Sunday, September 23, 2007

No Friend Left Behind Update

[posted by Callimachus]

USAToday weighs in, editorially:

The problem, when it comes right down to it, is not intent but bureaucracy. Iraqis seeking to immigrate must navigate a Kafkaesque maze. Except for some employees at the U.S. Embassy in Baghdad, they can't apply in Iraq. They have to flee and join about 2 million Iraqi refugees in neighboring countries. They must then establish refugee status with the United Nations, which takes months. Finally, they must submit to separate rounds of interviews with officials from the State Department and the Department of Homeland Security, which is looking out for would-be terrorists. That takes more months.

The story of one family that made it illustrates the problem. Translator Khalid Abood al-Khafajee, 60, managed to get to Jordan. He might have languished there for years but for a grateful U.S. Marine, Capt. Zachary Iscol, who credits Abood with keeping dozens of Americans safe in sometimes-tense situations. Iscol pushed Abood's case so relentlessly it became a focus of a congressional hearing. Sen. Arlen Specter, R-Pa., quipped that perhaps "1.7 million hearings would bring 1.7 million people out."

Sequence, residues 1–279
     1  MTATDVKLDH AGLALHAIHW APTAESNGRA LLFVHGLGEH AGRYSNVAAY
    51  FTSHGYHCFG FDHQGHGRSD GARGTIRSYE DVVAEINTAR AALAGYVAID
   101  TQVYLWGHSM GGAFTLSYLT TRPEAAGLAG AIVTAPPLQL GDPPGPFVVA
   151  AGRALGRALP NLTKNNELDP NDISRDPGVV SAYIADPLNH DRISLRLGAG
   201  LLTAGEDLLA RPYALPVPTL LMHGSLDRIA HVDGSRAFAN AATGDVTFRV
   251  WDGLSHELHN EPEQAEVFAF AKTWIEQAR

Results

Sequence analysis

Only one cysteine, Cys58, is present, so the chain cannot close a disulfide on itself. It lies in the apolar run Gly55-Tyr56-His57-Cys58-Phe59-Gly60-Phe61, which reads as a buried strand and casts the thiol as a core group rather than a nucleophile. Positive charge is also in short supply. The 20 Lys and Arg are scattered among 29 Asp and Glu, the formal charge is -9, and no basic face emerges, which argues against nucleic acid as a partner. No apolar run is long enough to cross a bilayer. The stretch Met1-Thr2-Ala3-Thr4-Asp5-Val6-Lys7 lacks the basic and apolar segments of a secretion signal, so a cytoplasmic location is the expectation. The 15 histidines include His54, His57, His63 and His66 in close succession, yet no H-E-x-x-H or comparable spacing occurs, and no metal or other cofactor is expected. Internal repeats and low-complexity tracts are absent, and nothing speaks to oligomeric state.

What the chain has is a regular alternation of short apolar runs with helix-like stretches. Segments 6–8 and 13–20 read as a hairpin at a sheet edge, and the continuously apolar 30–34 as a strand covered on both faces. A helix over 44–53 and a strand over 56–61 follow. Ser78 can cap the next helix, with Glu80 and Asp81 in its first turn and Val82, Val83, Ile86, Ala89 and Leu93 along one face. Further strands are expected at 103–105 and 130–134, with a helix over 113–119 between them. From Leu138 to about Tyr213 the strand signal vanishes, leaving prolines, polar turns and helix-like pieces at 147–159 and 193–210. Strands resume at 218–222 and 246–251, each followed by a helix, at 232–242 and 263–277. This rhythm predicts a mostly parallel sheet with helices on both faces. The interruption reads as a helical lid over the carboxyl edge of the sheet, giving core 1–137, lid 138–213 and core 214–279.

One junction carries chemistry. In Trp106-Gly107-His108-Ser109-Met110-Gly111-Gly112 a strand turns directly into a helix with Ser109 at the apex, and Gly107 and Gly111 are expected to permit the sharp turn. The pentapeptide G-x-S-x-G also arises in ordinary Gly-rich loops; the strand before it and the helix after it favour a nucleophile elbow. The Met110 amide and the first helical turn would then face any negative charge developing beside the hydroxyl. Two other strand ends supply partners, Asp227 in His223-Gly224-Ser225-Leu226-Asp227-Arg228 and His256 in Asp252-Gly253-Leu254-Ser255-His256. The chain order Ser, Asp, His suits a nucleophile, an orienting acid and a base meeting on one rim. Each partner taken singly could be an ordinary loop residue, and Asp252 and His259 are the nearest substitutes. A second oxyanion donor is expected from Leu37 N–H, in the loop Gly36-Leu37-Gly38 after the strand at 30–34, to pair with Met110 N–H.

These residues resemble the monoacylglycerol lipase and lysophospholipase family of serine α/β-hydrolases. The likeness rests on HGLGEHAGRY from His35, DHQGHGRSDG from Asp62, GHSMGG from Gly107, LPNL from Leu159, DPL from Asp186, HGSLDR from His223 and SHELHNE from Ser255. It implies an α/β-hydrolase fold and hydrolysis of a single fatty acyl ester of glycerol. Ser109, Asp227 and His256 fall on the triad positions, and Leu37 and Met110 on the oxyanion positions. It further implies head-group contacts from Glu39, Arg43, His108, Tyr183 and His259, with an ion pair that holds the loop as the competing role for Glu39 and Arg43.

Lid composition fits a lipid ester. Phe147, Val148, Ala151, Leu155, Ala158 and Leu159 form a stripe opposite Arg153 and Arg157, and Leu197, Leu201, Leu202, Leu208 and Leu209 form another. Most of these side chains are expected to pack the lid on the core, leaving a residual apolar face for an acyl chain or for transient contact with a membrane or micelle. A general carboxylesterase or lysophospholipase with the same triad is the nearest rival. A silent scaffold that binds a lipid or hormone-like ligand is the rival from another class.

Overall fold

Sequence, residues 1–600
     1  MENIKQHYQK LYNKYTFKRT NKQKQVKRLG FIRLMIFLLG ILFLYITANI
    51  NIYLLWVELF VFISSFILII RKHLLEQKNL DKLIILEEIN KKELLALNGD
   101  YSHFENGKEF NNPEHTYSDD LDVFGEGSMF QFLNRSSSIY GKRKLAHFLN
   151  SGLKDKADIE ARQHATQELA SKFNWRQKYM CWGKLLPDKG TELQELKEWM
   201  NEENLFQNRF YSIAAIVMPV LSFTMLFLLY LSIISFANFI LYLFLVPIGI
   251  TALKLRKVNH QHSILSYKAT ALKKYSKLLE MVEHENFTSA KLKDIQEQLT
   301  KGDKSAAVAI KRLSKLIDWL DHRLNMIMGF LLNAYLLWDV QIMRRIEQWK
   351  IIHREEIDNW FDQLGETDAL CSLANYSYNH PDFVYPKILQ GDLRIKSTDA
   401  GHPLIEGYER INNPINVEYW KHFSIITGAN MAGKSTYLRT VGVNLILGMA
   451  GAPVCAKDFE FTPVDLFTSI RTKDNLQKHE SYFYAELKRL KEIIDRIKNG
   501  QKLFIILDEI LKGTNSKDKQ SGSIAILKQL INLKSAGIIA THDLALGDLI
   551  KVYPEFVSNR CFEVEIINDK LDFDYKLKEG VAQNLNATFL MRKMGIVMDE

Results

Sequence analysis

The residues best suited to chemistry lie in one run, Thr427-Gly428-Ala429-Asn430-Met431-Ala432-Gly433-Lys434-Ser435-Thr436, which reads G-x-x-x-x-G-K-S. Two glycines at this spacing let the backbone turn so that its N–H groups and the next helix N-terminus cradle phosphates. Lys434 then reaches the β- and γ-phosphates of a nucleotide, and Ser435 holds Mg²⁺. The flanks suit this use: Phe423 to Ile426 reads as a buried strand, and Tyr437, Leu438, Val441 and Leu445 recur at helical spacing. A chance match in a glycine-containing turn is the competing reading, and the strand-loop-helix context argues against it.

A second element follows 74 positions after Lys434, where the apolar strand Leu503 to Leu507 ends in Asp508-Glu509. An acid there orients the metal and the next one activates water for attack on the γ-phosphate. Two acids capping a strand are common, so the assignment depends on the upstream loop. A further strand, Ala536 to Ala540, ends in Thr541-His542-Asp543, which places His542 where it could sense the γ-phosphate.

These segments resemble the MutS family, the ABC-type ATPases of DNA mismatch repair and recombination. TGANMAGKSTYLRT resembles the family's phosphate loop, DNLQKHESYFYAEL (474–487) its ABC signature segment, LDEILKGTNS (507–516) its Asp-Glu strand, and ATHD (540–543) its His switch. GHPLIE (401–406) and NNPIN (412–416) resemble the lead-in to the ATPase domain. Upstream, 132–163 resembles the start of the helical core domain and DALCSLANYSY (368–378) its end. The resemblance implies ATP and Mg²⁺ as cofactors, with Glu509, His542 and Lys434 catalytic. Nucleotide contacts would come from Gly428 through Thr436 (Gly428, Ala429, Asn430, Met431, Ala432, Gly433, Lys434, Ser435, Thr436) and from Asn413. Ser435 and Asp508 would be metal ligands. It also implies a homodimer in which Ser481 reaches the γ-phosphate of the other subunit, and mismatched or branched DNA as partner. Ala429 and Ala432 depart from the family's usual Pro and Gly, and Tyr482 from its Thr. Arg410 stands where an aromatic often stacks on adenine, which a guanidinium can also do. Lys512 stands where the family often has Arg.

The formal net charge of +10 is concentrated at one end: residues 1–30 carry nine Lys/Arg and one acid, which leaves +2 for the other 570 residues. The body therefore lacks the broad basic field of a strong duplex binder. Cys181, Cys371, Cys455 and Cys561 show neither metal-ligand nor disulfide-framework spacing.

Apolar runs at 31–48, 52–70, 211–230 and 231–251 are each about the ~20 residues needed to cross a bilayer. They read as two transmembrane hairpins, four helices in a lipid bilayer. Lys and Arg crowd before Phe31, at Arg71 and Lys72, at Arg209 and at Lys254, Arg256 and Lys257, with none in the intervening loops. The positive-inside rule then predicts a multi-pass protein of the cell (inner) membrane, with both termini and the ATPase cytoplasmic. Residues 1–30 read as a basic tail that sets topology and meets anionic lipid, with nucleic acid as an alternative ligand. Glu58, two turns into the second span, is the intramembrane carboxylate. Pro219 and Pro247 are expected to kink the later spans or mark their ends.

But the figures are no joke. The Bush administration was slow to recognize the refugee crisis, which undermines its assertions that the invasion was the right decision and that Iraq is on its way to stability. Since 2003, the United States has admitted just 1,232 Iraqi refugees. In February, the State Department promised to admit 7,000 by the end of this month. It reduced that to 2,000 but might not even achieve half of that.